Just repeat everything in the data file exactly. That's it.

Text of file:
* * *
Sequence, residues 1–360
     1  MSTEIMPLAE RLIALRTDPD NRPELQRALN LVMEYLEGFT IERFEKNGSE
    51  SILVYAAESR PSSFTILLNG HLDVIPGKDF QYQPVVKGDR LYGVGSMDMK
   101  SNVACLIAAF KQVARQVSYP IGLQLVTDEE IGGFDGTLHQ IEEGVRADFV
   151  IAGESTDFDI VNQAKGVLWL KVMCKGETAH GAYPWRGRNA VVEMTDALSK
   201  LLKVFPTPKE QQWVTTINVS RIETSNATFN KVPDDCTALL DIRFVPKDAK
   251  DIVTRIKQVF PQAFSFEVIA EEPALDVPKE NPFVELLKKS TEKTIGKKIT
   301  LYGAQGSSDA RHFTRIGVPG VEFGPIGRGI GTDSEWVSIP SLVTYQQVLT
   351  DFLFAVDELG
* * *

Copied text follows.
Sequence, residues 1–360
     1  MSTEIMPLAE RLIALRTDPD NRPELQRALN LVMEYLEGFT IERFEKNGSE
    51  SILVYAAESR PSSFTILLNG HLDVIPGKDF QYQPVVKGDR LYGVGSMDMK
   101  SNVACLIAAF KQVARQVSYP IGLQLVTDEE IGGFDGTLHQ IEEGVRADFV
   151  IAGESTDFDI VNQAKGVLWL KVMCKGETAH GAYPWRGRNA VVEMTDALSK
   201  LLKVFPTPKE QQWVTTINVS RIETSNATFN KVPDDCTALL DIRFVPKDAK
   251  DIVTRIKQVF PQAFSFEVIA EEPALDVPKE NPFVELLKKS TEKTIGKKIT
   301  LYGAQGSSDA RHFTRIGVPG VEFGPIGRGI GTDSEWVSIP SLVTYQQVLT
   351  DFLFAVDELG